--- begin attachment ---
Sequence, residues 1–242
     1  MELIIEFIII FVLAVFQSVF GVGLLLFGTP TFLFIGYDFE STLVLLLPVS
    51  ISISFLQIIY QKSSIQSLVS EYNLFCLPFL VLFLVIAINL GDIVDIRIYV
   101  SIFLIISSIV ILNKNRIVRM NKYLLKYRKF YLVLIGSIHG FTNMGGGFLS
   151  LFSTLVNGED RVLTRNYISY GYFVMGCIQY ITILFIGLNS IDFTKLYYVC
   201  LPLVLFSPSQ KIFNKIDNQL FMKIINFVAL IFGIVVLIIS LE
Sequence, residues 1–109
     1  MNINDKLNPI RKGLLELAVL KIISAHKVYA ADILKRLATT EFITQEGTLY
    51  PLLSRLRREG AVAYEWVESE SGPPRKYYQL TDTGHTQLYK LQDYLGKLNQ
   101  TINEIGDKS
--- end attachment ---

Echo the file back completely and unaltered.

Sequence, residues 1–242
     1  MELIIEFIII FVLAVFQSVF GVGLLLFGTP TFLFIGYDFE STLVLLLPVS
    51  ISISFLQIIY QKSSIQSLVS EYNLFCLPFL VLFLVIAINL GDIVDIRIYV
   101  SIFLIISSIV ILNKNRIVRM NKYLLKYRKF YLVLIGSIHG FTNMGGGFLS
   151  LFSTLVNGED RVLTRNYISY GYFVMGCIQY ITILFIGLNS IDFTKLYYVC
   201  LPLVLFSPSQ KIFNKIDNQL FMKIINFVAL IFGIVVLIIS LE
Sequence, residues 1–109
     1  MNINDKLNPI RKGLLELAVL KIISAHKVYA ADILKRLATT EFITQEGTLY
    51  PLLSRLRREG AVAYEWVESE SGPPRKYYQL TDTGHTQLYK LQDYLGKLNQ
   101  TINEIGDKS